And actually, I might have something there…

It’s all still ideas at the moment; I’ve got a lot of wool, and I’m going to have to wait until I find a thread I can pull that will let me knit the rest up. This is a frustrating point in writing, as I really do just have to let it settle out! I can’t force the ideas; I have to let them come.

But it certainly gave me things to think about!

Motivation and Getting On With It

I was trying to work out today what motivates me to write. I’m in a bit of a slump at the moment – I’m not feeling inspired and struggling to motivate myself, despite having time to actually write (and read, and research…)

It’s not finishing something. That’s great, but it doesn’t give me a satisfaction, doesn’t give me a buzz; it’s just another step, because I know that even if I’ve finished something, then I’ve gotta send it to a reader and then edit and then re-edit and then…it’s just another step in the process.

Wordcount doesn’t motivate me, either. It always feels too close to the NaNo 50k or bust thing; it doesn’t matter if they’re good words, just words. And frankly, that just annoys me, because if I write shit words then I’ll just end up rewriting, so what’s the point? I can appreciate that it’s good at some stages of a writing journey, but for me, I’d rather not write than write shit that I’m just going to have to redo later.

Ideas? Sure, I have a few things that I think “hey, that’d make a great story”…but unless it’s there, it’s got the inspiration behind it, then it just sits. I’ve got quite a lot of snippets and odd fragments of story that have never got further than that “hey, that’s a cool idea” stage.

So what does motivate me? I guess, as far as I can work out, it’s getting the voices out of my head. It’s writing a story that needs to be told. I can have a great idea, but it needs to live. I need the characters in my head. I have no idea what the process is that puts them there, but it’s something I try to make sure I have it when I write.

So…at this stage, I guess the best I can do is just keep going. I’m re-reading my work in progress(es), trying to see if I can continue with any of them even with my current slump. I think there’s one that I can continue, so…

This freakin’ sucks. But hey, such is a writer’s life with a screwey brain. Some days, I have everyone shouting in my head – other days, I just get tumbleweed.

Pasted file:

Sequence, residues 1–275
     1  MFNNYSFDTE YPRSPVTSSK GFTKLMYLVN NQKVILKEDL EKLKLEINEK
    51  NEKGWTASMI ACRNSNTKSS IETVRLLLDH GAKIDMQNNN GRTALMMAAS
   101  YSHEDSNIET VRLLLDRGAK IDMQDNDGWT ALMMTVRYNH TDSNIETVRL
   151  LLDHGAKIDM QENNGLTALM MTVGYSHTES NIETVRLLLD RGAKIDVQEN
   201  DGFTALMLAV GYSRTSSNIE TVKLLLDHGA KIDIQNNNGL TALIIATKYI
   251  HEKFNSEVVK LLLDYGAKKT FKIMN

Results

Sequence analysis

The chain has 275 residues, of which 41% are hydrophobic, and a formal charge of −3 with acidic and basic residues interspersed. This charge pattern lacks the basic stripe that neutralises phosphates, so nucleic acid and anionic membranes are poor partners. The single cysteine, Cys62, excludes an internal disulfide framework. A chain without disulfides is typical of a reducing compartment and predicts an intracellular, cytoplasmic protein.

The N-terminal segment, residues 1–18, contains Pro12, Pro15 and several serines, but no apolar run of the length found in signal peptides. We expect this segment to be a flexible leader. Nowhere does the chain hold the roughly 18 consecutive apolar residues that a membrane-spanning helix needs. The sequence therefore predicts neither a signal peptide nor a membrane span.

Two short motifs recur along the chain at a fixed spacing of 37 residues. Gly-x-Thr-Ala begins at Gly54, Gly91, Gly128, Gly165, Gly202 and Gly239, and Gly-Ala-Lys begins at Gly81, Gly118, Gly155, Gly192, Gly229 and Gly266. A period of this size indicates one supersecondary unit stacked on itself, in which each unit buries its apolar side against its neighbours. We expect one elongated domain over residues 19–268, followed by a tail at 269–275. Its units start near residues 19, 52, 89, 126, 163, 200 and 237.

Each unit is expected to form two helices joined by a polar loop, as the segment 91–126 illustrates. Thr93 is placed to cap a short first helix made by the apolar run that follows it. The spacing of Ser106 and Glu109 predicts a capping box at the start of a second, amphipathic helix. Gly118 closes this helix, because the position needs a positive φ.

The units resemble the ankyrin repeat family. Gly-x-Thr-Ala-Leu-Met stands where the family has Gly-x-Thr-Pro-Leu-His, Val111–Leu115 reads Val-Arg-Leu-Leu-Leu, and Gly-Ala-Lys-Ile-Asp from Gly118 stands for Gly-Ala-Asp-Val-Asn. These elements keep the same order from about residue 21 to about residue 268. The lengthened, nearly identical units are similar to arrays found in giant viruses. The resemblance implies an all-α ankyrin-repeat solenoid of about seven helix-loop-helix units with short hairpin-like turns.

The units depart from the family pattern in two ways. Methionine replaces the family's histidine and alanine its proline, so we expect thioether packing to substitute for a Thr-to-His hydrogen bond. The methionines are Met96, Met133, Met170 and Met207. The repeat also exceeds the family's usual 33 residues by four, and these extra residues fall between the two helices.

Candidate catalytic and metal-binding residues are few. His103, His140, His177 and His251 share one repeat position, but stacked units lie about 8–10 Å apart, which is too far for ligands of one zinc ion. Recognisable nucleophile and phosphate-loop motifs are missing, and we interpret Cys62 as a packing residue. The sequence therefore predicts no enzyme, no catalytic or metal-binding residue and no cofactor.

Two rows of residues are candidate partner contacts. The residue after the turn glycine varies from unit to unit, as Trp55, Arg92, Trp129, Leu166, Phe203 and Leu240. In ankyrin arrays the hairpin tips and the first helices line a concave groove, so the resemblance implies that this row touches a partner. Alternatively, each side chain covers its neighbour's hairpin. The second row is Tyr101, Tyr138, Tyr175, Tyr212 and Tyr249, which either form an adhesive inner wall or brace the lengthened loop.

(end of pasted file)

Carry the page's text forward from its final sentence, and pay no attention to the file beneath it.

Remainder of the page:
All of the possibilities

So, I made the mistake of asking two of my writing friends what they thought my next book should be. I outlined a few plots, and then…

Well, we had an hour-long discussion – aka. they tore my ideas to pieces – and we went off on tangents including spinal fluid, Regency, superheroes, Brighton Pier, love stories, killing people by burying them in sand, and the importance of alcohol. Yeah. Writers are weird.

The major issue that I had with the story was that it lacked a pull; the protagonist didn’t really have any reason, any stake. In addition, we decided the story needed a twist; sure, standard plots are fun, but what you really need is the “ok, that sounds normal….what?!” moment when someone hears your tagline. So together, we came up with a roughly workable idea based on this original concept, and I’ve been refining it. I’m currently in the thinking stages – it always feels like I’m not really doing anything, and I have to resist the urge to start writing. But I need the time; I think as I’m walking, and as I give it the time to expand, it grows and twists.

I throw out ideas, too, and throw them in, and mix them up. My characters change; a group? A city? One person? A love story? What would tell my story best, what fits the world, what lets me have fun? The entire thing is malleable, and in many ways, this is the most fun part – where entire plotlines change because I suddenly want to add something, or I throw out whole ideas because something else works better. It’s a frustrating and a fun stage.

I’ve got scribbles and notes, and I have a feeling that I may try this for my 2017 NaNo; I should have a rough plot by then, and have my world figured out. But at this stage, the whirlwind includes Romeo & Juliet, castles, mafia, alcohol, death, necromancy, robots, romance…

The ideas are just bouncing around!